The future of forestry education: hands-on experience available from Fire Science and Natural Resources programs at UCC
This fall, Umpqua Community College’s Natural Resources program has expanded, adding three new tracks in natural resources: Fish and Wildlife, Forests and Ecosystems, and Conservation Law Enforcement. For Conservation of Law Enforcement, students will take classes in criminal justice and law enforcement, and the program aligns more with Oregon State University, so the transfer is a lot smoother and more straight forward. For students who are more into the fire component of forests, the Fire Science program takes two years with the option to add a third year for the paramedic degree.
Both programs at UCC should be started in the fall to earn an associate’s degree, and neither requires prerequisites.
The natural resources program lays the groundwork for future employment in national forests and allows students to use UCC’s 100 acres as a lab; the river is used for the study of hydrology and different plants for botany. “It allows a student to embark on a journey,” Bryan Benz, the natural resources contact and an associate professor of science says.
Covid has been a barrier to field trips, but the program uses contacts with state and other agencies for land areas to visit. The Archie Creek that devastated Douglas County and its communities this last fall has been an opportunity to show students what land looks like after it has been majorly burned.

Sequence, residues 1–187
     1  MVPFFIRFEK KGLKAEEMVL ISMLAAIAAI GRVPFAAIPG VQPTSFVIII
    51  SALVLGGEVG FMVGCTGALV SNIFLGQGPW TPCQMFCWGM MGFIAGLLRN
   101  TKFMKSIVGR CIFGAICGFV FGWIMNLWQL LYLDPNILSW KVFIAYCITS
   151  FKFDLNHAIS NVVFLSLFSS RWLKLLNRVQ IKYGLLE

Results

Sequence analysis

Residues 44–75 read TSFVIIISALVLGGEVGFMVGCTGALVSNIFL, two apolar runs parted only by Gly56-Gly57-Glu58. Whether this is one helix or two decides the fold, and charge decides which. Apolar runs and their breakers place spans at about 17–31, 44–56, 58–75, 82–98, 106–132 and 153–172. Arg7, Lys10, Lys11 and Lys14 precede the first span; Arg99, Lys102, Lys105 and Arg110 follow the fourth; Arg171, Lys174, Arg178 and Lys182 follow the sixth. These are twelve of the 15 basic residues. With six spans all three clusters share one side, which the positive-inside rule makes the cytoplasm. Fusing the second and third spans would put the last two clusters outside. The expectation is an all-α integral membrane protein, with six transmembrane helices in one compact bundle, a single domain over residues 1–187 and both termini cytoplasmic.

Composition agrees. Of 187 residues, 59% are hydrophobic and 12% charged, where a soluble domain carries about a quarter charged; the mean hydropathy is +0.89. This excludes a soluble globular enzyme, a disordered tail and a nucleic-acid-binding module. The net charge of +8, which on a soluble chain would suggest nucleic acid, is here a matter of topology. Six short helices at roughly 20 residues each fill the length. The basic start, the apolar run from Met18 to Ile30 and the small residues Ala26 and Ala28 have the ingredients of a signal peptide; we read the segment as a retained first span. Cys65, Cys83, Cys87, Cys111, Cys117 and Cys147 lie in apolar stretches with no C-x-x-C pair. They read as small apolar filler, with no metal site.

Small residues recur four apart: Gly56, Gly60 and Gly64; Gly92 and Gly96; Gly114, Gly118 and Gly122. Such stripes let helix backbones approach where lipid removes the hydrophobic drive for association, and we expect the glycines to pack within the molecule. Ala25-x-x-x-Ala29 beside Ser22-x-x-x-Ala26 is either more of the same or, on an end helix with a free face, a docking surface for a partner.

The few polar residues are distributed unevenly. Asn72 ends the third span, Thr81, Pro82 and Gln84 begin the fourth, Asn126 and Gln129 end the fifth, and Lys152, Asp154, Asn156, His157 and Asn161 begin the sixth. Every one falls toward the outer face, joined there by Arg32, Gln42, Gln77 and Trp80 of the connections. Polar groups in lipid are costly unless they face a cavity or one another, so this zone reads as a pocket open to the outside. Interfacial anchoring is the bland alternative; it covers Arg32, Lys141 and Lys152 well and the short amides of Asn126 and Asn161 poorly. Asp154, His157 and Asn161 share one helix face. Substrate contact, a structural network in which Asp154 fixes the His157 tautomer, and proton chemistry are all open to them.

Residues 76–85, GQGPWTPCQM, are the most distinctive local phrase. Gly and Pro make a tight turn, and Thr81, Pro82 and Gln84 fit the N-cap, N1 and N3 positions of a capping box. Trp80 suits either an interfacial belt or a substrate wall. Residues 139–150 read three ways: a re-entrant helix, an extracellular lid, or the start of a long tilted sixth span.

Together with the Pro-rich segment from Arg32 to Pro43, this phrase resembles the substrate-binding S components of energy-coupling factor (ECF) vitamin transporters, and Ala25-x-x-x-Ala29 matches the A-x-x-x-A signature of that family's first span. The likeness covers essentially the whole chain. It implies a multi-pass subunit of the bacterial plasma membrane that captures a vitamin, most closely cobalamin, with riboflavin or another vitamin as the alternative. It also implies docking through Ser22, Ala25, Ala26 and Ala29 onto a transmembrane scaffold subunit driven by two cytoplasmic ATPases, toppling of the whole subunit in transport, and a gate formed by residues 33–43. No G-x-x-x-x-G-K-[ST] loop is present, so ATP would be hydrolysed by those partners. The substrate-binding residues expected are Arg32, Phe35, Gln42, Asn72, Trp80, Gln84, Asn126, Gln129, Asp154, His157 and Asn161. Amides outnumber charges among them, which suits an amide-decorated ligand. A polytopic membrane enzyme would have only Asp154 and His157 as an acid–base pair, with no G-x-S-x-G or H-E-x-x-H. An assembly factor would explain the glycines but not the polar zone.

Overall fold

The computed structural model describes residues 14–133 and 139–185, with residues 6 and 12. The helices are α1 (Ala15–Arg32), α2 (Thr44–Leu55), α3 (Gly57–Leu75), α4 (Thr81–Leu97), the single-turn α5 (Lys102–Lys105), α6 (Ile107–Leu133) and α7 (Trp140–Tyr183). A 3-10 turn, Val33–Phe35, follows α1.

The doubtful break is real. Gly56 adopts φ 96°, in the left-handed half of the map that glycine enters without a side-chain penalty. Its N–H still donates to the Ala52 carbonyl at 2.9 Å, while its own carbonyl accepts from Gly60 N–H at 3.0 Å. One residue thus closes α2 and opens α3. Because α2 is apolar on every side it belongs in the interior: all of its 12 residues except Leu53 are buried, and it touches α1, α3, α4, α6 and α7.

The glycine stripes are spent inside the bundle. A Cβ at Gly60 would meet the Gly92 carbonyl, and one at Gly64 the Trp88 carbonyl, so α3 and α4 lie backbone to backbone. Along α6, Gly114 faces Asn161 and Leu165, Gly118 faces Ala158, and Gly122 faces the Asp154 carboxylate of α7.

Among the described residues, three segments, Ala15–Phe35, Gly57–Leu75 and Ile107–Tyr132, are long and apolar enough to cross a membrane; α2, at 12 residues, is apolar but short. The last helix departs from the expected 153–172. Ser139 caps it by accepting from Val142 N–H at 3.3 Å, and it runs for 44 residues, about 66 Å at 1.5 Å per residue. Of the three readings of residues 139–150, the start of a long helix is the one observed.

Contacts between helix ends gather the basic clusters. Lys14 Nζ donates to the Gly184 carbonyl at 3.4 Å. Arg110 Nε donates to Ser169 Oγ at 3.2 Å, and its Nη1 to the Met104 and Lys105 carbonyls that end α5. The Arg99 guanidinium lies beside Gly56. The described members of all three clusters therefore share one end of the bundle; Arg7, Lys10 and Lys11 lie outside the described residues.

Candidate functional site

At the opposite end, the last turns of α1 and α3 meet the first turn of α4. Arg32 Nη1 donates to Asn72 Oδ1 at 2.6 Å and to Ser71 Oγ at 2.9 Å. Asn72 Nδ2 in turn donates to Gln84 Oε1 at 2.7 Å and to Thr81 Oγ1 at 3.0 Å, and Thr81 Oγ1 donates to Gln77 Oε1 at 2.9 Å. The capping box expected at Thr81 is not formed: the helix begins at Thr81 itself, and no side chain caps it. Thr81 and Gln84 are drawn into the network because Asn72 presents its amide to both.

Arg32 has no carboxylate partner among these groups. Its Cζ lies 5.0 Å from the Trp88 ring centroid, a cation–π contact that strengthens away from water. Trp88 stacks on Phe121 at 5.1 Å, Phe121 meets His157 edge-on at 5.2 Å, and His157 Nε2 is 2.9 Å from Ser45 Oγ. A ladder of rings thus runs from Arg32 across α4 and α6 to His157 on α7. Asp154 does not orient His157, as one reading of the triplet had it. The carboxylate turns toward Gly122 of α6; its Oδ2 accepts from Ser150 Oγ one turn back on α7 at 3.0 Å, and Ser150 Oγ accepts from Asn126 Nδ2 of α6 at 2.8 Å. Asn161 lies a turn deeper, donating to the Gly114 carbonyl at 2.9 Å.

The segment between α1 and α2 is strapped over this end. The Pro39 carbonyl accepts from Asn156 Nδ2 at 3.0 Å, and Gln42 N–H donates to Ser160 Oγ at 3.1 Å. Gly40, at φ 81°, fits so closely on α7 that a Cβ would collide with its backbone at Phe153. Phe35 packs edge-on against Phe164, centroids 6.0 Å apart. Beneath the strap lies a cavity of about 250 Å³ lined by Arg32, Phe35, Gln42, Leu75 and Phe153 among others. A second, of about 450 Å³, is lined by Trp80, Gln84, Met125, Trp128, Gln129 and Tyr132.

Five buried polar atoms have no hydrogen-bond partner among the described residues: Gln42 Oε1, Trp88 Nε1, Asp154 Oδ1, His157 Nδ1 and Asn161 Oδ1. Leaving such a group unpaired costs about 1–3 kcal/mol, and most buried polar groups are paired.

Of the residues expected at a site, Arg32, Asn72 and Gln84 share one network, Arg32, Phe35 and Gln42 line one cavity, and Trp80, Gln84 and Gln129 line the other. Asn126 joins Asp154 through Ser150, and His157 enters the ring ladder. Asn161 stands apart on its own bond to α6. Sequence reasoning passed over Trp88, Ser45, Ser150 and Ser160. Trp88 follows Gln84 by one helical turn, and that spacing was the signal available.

During the summertime, these students can get an internship working with the Bureau of Land Management or even the parks system. UCC posts the opportunities, and students can sign up and apply for them.
Benz says that, before teaching, he got paid to go out in the forest and look up plants, and that he enjoyed recreational activities as part of his job.
“Come and do natural resources; it is open to anyone and there are no prerequisites. If someone likes being out in the woods, come find out what it is all about. Often times on the first day of class, students do not know what they want to be, and it’s a great way to find out,” Benz says.
In the Fire Science program students experience simulations and opportunities to learn about the elementals of fire. The classes cover basic components of firefighting like putting the nozzle on the hose, doing search and rescue with smoke in rooms, learning about the foundation of fire and building construction, along with studying fire prevention.
Often times, students who are in their second year of the Fire Science program already get hired and have employment options.
Students train at places, like at one location on Harvard Ave., where they have an opportunity to cut out walls in a real building. Sometimes, they get to visit places and look at sprinkler systems for the fire prevention class and look at structures around the community for the building class.
Students can volunteer at fire stations and get a good idea of what they want to do for their career. At UCC the instructors for the program all have experience as actively working firefighters.
“This program is great for students to meet people in the district and ask questions,” Andy Hatfield, Fire Science coordinator says. “There is no rigorous application process, you don’t need any experience, and if you have some experience; it’s good just to get in contact with me, and we can talk about the classes you should take.”
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